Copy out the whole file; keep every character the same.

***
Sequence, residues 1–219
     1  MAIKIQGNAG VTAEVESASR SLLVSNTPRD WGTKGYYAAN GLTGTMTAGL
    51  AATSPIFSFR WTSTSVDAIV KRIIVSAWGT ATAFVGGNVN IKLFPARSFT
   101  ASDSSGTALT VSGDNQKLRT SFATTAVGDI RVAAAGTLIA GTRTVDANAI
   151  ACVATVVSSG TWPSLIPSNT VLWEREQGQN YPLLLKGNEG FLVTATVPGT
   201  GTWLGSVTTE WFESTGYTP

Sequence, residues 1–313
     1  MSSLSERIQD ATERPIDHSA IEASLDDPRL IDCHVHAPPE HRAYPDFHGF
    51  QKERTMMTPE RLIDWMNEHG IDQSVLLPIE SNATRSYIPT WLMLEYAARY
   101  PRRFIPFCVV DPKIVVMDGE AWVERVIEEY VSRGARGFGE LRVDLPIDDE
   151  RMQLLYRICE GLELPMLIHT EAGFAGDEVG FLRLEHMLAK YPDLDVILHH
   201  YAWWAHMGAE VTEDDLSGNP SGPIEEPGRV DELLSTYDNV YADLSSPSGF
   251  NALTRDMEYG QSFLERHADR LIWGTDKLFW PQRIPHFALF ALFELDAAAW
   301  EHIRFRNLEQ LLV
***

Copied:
Sequence, residues 1–219
     1  MAIKIQGNAG VTAEVESASR SLLVSNTPRD WGTKGYYAAN GLTGTMTAGL
    51  AATSPIFSFR WTSTSVDAIV KRIIVSAWGT ATAFVGGNVN IKLFPARSFT
   101  ASDSSGTALT VSGDNQKLRT SFATTAVGDI RVAAAGTLIA GTRTVDANAI
   151  ACVATVVSSG TWPSLIPSNT VLWEREQGQN YPLLLKGNEG FLVTATVPGT
   201  GTWLGSVTTE WFESTGYTP

Sequence, residues 1–313
     1  MSSLSERIQD ATERPIDHSA IEASLDDPRL IDCHVHAPPE HRAYPDFHGF
    51  QKERTMMTPE RLIDWMNEHG IDQSVLLPIE SNATRSYIPT WLMLEYAARY
   101  PRRFIPFCVV DPKIVVMDGE AWVERVIEEY VSRGARGFGE LRVDLPIDDE
   151  RMQLLYRICE GLELPMLIHT EAGFAGDEVG FLRLEHMLAK YPDLDVILHH
   201  YAWWAHMGAE VTEDDLSGNP SGPIEEPGRV DELLSTYDNV YADLSSPSGF
   251  NALTRDMEYG QSFLERHADR LIWGTDKLFW PQRIPHFALF ALFELDAAAW
   301  EHIRFRNLEQ LLV